A Time for Peace!
Georgia O’Keeffe: To See Takes TimeBy Rebecca Schiffman
MAY 2023 | ArtSeen
In the eyes of the profound American artist Georgia OKeeffe (1887-1986), a single artwork cant always fully express the complexity of its subject: sometimes it takes a few tries. Up now at MoMA is a wonderful expansion of that idea in Georgia OKeeffe: To See Takes Time, featuring more than 120 works on paper spanning five decades of the pioneering artist's career.
Daniel Antebi’s God’s TimeBy Nolan Kelly
APRIL 2023 | Film
It can feel risky, as a director, to put a well-thought-out scenario at the mercy of New York streets, but, as indies like Daniel Antebis Gods Time (2022) go to show, the loss of control also breeds high rewards, capturing spectacles inherent to the city itself.
T. Venkanna: Looking for PeaceBy Pia Singh
MAY 2023 | ArtSeen
Contradictory to the artists soft-spoken nature, T. Venkannas fluency in questioning the profoundest moments of lifedeath, lust, and a forthcoming series on birthmake art history Venkannas primary vocabulary. By transforming us into witnesses who must look again and again until the brutality of this world, as frightening as it is, becomes inadmissibly real, Looking for Peace is an exorcism of evil disguised in the discourse of development.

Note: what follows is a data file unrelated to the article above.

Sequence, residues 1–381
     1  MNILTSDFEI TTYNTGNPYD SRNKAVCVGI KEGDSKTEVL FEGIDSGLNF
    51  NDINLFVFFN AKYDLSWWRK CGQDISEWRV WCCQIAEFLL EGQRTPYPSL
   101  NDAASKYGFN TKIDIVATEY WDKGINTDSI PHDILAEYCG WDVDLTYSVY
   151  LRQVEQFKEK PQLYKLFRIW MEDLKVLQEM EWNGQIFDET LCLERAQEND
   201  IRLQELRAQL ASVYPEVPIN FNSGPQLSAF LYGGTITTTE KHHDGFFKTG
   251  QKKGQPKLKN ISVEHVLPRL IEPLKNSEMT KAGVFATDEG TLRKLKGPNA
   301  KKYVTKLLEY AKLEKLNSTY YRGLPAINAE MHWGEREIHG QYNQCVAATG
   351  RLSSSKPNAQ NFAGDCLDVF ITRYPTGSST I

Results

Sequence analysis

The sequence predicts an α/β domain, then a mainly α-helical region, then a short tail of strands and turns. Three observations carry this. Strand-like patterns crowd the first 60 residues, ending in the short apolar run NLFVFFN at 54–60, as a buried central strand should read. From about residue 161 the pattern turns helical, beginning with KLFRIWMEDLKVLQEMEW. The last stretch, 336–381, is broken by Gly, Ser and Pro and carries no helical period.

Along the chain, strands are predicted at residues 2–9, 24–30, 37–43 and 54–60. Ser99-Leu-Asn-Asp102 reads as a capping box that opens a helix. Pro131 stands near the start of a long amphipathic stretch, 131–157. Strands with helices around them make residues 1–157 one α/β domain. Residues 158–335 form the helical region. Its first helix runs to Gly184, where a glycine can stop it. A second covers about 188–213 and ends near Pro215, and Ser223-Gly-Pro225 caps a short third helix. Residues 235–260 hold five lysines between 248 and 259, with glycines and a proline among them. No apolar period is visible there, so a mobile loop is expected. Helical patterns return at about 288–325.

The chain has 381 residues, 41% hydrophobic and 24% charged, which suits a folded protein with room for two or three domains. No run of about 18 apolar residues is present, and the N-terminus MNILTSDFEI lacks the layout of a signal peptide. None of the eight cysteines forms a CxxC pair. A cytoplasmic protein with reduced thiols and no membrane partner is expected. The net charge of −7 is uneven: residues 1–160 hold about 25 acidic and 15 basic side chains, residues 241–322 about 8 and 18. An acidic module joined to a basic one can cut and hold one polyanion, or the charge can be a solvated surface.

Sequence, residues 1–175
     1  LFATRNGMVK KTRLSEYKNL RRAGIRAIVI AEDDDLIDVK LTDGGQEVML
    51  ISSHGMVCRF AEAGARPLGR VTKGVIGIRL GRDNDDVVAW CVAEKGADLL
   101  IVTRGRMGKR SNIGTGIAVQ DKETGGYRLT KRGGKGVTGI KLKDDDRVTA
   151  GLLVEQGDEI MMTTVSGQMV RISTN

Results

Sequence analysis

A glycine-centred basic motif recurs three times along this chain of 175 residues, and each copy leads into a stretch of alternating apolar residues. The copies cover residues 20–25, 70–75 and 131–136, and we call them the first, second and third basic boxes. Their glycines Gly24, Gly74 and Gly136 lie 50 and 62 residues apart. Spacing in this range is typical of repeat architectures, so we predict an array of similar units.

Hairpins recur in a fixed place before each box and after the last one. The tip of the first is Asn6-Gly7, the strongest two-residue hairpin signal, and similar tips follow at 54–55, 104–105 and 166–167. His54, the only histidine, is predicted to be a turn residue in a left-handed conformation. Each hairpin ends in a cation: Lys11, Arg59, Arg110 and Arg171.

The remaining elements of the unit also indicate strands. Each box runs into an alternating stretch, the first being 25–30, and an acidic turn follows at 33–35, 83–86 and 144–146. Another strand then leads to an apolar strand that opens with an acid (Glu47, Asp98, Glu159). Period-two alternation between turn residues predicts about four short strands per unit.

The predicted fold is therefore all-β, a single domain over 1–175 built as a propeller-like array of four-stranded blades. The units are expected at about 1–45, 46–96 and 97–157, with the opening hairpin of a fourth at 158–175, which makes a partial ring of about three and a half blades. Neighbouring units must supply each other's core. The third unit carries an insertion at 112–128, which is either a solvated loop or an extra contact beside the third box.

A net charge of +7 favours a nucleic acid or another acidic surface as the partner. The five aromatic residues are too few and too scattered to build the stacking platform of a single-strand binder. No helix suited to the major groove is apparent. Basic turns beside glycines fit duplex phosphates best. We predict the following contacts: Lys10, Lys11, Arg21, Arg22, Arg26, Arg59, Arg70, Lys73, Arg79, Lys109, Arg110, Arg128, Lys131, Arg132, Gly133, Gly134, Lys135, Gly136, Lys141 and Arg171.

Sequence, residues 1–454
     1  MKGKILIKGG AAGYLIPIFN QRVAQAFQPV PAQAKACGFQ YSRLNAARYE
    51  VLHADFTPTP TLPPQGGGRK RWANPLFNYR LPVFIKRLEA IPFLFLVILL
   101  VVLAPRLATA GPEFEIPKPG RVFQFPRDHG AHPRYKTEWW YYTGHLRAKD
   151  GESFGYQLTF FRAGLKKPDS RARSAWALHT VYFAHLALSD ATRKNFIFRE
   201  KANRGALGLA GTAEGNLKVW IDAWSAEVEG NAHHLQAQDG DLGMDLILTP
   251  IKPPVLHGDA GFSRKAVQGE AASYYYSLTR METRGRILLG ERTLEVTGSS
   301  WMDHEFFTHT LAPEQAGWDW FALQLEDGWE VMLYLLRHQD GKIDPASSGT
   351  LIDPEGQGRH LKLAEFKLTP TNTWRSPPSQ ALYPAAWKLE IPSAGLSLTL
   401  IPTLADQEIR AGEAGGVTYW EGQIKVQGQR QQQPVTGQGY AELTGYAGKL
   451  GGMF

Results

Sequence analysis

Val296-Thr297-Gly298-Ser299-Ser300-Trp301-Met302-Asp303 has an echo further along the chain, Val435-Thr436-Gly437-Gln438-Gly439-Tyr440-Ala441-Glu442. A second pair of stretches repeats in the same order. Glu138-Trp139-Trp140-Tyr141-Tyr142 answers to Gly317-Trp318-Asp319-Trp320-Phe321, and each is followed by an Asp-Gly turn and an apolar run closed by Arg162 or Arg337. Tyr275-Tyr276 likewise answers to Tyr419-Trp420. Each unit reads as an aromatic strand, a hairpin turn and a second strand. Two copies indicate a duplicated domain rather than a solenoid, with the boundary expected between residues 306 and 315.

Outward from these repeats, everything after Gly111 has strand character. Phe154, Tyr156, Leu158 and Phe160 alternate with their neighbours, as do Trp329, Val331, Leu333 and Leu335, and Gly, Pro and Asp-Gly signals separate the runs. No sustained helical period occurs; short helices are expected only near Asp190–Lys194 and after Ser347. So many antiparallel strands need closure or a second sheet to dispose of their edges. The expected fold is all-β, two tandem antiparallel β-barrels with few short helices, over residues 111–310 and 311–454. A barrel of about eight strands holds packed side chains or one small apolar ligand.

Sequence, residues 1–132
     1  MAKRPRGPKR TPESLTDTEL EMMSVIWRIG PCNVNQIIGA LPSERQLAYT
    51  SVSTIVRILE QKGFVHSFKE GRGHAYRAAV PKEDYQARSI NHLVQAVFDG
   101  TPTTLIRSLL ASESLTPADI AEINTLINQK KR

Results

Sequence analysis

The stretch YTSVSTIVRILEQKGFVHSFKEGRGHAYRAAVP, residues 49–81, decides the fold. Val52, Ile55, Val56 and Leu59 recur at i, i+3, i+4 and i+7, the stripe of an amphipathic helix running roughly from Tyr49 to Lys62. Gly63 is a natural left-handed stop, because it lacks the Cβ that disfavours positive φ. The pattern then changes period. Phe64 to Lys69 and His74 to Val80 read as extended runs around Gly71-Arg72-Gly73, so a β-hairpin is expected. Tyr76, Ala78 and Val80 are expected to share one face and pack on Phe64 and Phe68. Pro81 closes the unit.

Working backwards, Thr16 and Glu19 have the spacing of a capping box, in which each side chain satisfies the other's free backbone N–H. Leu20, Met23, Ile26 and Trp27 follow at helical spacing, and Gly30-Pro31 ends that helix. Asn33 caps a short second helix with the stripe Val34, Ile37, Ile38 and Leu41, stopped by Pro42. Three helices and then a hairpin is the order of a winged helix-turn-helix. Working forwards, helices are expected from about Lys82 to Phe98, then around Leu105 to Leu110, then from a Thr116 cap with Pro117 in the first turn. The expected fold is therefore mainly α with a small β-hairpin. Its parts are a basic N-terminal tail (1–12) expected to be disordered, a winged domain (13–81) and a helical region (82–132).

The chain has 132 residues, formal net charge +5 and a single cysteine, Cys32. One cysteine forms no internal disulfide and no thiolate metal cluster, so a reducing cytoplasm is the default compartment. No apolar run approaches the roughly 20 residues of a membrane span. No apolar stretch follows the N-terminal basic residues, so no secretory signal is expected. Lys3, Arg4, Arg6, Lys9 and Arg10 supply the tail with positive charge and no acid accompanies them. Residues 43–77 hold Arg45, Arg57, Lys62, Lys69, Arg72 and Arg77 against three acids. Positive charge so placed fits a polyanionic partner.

Glitching Time and Time-Based MediaBy Charlotte Kent
OCT 2022 | Art and Technology
Time is a socio-technological system with profound organizing qualities that feels, these days, exceedingly oppressive. Theres never enough time! For anything. Calendars are the earliest containing device with the purpose of determining a social order; the history of the Roman calendar reveals the role of international and national politics that play out across each new temporal infrastructure. Our temporal orders have been designed through the global proclamation of Greenwich Mean Time in 1884 by colonial empires, the apocalyptic anxiety provocations of the doomsday clock established in 1947, the insistent instant-ness of digital time since the 1970s exacerbated by strings of video chat meetings of the last couple years, and the frenetic branding of our social/professional lives demanded by transnational corporate technologys mediation of everyone and everything, all the time. Its a mess.